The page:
NEW YORK — A recent panel featuring prominent church and academic leaders from various states not only led to a vibrant discussion on social justice and political issues, but also affirmed a rift in attitudes among African Americans on homosexuality and same-sex marriage.
Working from the theme of "reframing the church and state debate," the panel took on matters related to civil rights, same-sex marriage and women's rights. The dominant theme, however, became the issue of same-sex marriage and the Bible's apparent "ambiguity" on homosexuality being a sin, as Dr. Obery Hendricks, professor of Biblical Interpretation at New York Theological Seminary, put it.
Research from the Religion and Public Life Project by Pew shows that support for same-sex marriage among black Protestants has increased sharply over the past few years, rising from 19 percent favorability in 2004 to 43 percent currently. A separate Pew study, published last year, revealed that 79 percent of black Protestants believe it is a sin to "engage in homosexual behavior." The diversity of opinions displayed during the Black Church Panel, as the forum was called, were reflective of such surveys.
Among participants in the panel were:
Bishop Harry Jackson, Jr., pastor of Hope Christian Church, a 3,000-member congregation in Beltsville, Maryland; a regional bishop in the Fellowship of International Churches; and presiding bishop of the International Communion of Evangelical Churches, an international network that overseas 1,000.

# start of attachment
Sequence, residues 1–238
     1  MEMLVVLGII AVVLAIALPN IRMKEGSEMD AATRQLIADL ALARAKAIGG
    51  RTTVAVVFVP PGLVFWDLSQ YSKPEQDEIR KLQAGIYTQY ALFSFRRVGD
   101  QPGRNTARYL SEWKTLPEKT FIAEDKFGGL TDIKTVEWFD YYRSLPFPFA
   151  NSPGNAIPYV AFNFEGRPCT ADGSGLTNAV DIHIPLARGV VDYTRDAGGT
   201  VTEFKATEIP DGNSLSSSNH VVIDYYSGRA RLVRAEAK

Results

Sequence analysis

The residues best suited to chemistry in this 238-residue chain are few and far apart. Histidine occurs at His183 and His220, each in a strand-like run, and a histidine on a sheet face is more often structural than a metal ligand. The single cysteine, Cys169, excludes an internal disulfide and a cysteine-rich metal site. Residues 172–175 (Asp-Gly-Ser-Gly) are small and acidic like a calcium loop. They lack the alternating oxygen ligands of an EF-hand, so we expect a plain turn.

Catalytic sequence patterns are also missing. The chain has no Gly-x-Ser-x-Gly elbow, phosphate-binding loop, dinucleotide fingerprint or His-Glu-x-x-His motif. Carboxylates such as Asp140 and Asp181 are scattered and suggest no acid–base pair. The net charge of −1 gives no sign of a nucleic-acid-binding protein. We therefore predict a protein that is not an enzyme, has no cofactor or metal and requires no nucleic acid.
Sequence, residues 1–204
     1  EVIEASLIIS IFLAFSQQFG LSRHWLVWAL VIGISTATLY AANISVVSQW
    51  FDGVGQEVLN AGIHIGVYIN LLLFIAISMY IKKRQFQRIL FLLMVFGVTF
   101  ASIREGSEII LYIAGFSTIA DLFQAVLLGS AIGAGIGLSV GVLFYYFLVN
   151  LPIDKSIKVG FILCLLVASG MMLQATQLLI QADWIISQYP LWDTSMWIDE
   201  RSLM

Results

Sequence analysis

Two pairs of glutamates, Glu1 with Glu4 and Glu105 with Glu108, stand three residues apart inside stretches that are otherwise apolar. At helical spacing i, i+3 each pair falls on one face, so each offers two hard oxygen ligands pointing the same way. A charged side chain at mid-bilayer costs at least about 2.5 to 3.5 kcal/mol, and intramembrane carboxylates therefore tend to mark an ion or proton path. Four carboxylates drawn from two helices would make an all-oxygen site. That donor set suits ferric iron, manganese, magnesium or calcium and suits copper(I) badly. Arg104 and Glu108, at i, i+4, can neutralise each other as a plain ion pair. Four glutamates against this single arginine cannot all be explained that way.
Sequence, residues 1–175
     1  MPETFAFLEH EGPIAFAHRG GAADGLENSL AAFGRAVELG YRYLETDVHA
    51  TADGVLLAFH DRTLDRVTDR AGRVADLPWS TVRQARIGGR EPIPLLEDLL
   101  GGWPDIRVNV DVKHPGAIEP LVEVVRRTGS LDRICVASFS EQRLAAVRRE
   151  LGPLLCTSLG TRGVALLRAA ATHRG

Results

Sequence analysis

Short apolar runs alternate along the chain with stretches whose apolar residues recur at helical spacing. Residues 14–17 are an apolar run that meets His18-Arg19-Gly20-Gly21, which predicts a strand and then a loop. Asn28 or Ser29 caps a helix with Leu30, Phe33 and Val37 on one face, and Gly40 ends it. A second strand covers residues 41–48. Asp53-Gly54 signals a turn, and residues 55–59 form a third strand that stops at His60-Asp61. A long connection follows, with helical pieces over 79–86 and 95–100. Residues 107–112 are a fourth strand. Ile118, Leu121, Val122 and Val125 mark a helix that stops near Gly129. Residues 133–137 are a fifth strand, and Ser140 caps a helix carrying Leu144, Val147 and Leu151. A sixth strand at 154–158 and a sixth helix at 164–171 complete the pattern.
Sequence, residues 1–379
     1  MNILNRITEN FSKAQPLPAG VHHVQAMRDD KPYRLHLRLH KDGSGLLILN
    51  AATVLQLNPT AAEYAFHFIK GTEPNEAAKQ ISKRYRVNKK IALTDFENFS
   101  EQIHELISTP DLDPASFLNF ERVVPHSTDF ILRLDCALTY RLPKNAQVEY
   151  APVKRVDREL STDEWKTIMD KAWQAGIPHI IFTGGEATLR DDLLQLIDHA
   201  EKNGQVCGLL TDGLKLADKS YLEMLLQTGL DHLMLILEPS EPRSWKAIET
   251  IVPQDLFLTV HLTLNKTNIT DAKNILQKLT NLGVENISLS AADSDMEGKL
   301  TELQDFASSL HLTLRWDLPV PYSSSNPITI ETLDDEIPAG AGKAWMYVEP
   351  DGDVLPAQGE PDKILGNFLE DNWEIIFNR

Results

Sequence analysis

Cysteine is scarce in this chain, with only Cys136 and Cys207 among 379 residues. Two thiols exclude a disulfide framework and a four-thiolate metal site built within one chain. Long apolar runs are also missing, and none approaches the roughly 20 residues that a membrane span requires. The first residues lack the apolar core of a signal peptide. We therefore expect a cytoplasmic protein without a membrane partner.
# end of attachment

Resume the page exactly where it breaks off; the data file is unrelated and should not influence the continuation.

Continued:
The Rev. Que English, pastor of Bronx Christian Fellowship in New York City and co-founder of the Bronx Clergy Criminal Justice Roundtable.
The Rev. Delman Coates, pro-same-sex marriage pastor of Mt. Ennon Baptist Church, home to more than 8,000 congregants in Clinton, Maryland; and Lt. Governor candidate running with state Democratic gubernatorial hopeful Heather R. Mizeur.
The Rev. A.R. Bernard, pastor of 30,000-plus-member Christian Cultural Center in Brooklyn, New York; president of the Council of Churches of the City of New York representing 1.5 million Protestants, Anglicans and Orthodox Christians.
The Rev. Floyd Flake, former member of the U.S. House of Representatives and member of The Princeton Review, the Fannie Mae Foundation and the Bank of America National Advisory Board, pastors the Greater Allen A.M.E. Cathedral of New York with wife the Rev. Elaine Flake. The church is home to more than 23,000 members.
Dr. Obery Hendricks, professor of Biblical Interpretation at New York Theological Seminary; author of the popular and controversial 2006 title The Politics of Jesus: Rediscovering the True Revolutionary Nature of Jesus' Teachings and How They Have Been Corrupted; and board member of the Public Religion Research Institute.
In the following CP video on post-panel responses, the Flakes, Jackson and Hendricks offer comment, including on whether they believe Christians will ever see eye-to-eye on certain issues:
The Black Church Panel unfolded April 11, 2014, at the National Action Network Convention at Sheraton Times Square Hotel in New York City.